Thursday, December 8, 2011


We should be taught not to wait for inspiration to start a thing.  Action always generates inspiration.  Inspiration seldom generates action.  ~Frank Tibolt

The most common questions I'm asked, when people inquire about my blogs, revolve around where I find my inspiration. People want to know if I make notes when special events pop up, and if I have a special writing ritual. Do I write for a certain number of hours each day? Do I only write in the morning? Do I keep a journal? What incites me to put pen to paper (or rather, fingers to keyboard) when a thought pops into my head? Do I pitch anything, or do I keep it all? In short, how do I do what I do? 

The short answer is "yes" to all of those queries. I do make notes, when I think about it. I do prefer writing in the morning, though I don't have a time minimum or maximum, and if the muse descends at 2 am, I'll write then. I do keep a journal, although it's mainly written in shorthand notes that even I have trouble deciphering.  I'm inspired by art, by books, by my family, by the circumstances in my life, by exercise, by rest, by food, by friends, by music, by films, by nature and by just about everything else in the world around me. I write whatever is on my mind, and if I think it's not ridiculous, I'll keep working on it. If I think it's dreadful, I'll delete it. I like writing with a cup of coffee by my side, but it's not absolutely necessary. 

The next question, after the "how do you write?" curiosity, is the bigger one: "Why do you write?".  This is the far more complicated posit. I've always written. From the time I was very young, before I had the power of spelling at my disposal, I created little books with drawings on each page. I was able to tell the story to the viewer. Writing has been my medium of choice for communication. I'm an abysmal talker and tend to babble when awkward silences fall. I can't think of the right things to say during countless situations, and therefore, end up with my foot in my mouth, having spoken exactly the wrong thing. I wish, far too frequently, that I could recall my words, just as a fisherman might reel in a line that's been cast astray. Words, once spoken, can never be taken back.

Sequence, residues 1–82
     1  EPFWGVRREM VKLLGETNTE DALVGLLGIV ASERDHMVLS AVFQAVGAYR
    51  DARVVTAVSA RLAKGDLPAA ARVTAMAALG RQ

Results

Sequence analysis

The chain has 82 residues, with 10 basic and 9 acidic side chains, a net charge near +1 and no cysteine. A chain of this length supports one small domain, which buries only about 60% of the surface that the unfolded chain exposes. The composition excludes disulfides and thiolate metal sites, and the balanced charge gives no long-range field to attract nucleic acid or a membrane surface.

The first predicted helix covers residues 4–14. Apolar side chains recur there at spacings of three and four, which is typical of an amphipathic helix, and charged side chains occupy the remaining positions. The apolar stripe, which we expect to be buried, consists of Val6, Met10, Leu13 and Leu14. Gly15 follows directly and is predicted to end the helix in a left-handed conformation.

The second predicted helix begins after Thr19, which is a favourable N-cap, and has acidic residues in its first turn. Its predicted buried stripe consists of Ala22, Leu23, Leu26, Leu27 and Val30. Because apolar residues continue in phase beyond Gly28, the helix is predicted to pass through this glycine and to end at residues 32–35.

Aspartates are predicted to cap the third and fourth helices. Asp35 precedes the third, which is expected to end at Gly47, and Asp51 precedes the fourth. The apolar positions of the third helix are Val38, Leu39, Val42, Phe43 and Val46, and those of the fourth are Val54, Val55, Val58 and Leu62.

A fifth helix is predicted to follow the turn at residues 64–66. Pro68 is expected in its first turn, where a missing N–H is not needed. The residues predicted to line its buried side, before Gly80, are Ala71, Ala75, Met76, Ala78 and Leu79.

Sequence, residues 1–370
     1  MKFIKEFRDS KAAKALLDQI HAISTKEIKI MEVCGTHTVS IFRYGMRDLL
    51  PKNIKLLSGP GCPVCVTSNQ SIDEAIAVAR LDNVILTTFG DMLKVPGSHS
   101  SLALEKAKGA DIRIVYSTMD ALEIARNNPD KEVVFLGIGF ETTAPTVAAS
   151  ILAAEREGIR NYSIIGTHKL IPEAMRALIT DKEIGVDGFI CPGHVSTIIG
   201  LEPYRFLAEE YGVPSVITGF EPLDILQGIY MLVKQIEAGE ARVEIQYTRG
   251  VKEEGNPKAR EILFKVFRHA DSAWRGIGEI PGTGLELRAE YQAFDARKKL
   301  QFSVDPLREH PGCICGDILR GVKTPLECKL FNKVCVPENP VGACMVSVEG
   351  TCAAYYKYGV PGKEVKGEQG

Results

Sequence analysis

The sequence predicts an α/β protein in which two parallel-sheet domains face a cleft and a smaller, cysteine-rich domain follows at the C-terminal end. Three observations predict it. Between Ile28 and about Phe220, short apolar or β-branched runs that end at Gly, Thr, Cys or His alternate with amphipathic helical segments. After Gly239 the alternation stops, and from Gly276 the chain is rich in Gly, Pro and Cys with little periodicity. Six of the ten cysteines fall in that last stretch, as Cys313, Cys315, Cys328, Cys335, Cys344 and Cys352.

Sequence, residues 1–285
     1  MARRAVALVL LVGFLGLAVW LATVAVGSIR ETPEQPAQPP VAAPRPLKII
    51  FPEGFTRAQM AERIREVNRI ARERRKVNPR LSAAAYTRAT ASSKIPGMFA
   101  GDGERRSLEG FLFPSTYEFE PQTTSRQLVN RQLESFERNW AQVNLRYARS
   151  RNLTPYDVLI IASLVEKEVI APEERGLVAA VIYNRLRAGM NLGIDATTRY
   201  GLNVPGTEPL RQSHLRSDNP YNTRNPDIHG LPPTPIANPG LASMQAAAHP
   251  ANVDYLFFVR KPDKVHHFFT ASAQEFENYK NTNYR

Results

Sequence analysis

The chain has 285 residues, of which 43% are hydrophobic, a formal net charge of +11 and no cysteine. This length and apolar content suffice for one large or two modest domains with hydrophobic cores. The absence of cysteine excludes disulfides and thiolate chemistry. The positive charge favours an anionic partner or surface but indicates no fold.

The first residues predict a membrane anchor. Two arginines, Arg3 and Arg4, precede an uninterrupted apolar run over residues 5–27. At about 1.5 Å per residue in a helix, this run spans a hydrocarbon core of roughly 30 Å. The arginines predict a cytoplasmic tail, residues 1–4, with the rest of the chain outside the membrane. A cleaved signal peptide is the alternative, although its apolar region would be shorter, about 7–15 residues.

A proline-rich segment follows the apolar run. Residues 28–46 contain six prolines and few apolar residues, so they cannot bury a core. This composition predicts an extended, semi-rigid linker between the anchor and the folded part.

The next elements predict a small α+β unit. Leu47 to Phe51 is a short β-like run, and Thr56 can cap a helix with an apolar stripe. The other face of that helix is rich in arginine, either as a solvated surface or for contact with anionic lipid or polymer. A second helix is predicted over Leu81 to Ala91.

When I write, I feel as if my voice is the way I want it to sound. If I make an error, it's an error that, at the very least, I've given some consideration. The written word provides me the ability to convey my thoughts in an edited, contemplative manner.  I can delete. I can enhance. I can recreate. I can discover that a tangent is far more intriguing than the original idea. I can let go of all ubiquitous strains, or I can embrace them.  By writing, I can learn what I'm truly thinking and where my heart indeed rests. It gives me a window into my soul, my psyche and my subconscious. I learn more about myself, by reading my own writing, than I possibly could in any other way. Writing, for me, is much like meditation in this way. 

Sharon O'Brien, author and noted Willa Cather scholar, wrote "Writing became such a process of discovery that I couldn't wait to get to work in the morning:  I wanted to know what I was going to say." I quite agree with her. When I sit down to write, the words often take me by surprise. I'm just as excited to see what my fingers type as I would be to sit down and read a novel by another writer. It's a fascinating process to me and I'm often amazed by what emerges. I might sit down with the inspiration for one piece, and another seems to flow right out. I'm always interested in what I'll say next because I learn and grow each time.

"Why do I write?" is the big question. "Because I must" is the answer.

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